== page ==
“Winky D’s ‘Eureka’ album: is it Too Bold?”
Winky D released his collaborations album “Eureka’ at Harare International Conference Centre on 31 December 2022.
The headline track seemed to be “Dzimba Dzemabwe” featuring Shingai “Too bold” Shoniwa. It was the last on the high octane set and immediately broke the internet, by Zimbabwean social media standards, as it provoked the most conversation. It was also released with the album’s first music video.
It was a notable moment that reminded those with long memories of Oliver Mtukudzi’s release of “Bvuma/Tolerance” a song that immediately assumed a life if its own despite Tuku’s protestations to the contrary.
Artists and their representatives claimed Winky D works with such high confidentiality that each artist and their team was bound by signed Non-Disclosure Agreements (NDA).
But, so far, we have gathered that collaborators included Herman (“High Grades”), Holy Ten (“Botso”), Saint Florex (Dreams), Afro Jazz musician Mwenje Matole (“Nherera”), Enzo Ishall (‘Mbinga yakasheka”), Nutty O (“Peter Friend”) Killer T, Shingai Shoniwa (“Dzimba dzemabwe”) and Tocky Vibes (“Mhururu’).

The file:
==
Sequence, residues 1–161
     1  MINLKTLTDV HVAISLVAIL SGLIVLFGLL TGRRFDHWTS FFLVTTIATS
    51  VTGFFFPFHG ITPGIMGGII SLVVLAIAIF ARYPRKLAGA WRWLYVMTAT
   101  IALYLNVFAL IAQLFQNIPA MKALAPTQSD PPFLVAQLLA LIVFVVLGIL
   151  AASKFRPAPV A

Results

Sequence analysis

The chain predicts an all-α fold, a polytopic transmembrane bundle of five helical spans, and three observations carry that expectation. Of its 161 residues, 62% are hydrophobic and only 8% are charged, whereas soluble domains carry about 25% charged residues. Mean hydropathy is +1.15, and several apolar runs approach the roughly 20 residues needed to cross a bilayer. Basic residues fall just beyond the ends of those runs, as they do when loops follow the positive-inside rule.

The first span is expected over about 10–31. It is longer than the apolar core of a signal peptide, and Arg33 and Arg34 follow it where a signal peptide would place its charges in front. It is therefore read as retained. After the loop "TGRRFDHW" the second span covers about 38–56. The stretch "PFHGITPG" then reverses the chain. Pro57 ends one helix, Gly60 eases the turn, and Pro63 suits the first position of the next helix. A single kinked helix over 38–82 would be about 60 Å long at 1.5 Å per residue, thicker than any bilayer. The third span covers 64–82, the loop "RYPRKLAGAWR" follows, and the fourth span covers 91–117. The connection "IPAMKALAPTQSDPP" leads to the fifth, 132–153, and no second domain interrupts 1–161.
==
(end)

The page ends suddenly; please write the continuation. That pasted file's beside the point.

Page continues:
The live event was well subscribed. It was followed up by much awaited YouTube releases on Winky D’s Official Youtube channel as well as by unofficial channels. It was a bold move to present music live first and then on Youtube in a country so riddled by piracy. He accomplished it flawlessly.
The NDA agreements meant that the music was marketed and released only by the copyright owner to a curious audience. The artists involved cooperated with fierce loyalty avoiding any breaches of confidentiality. Such if the esteem the Gaffer is held in.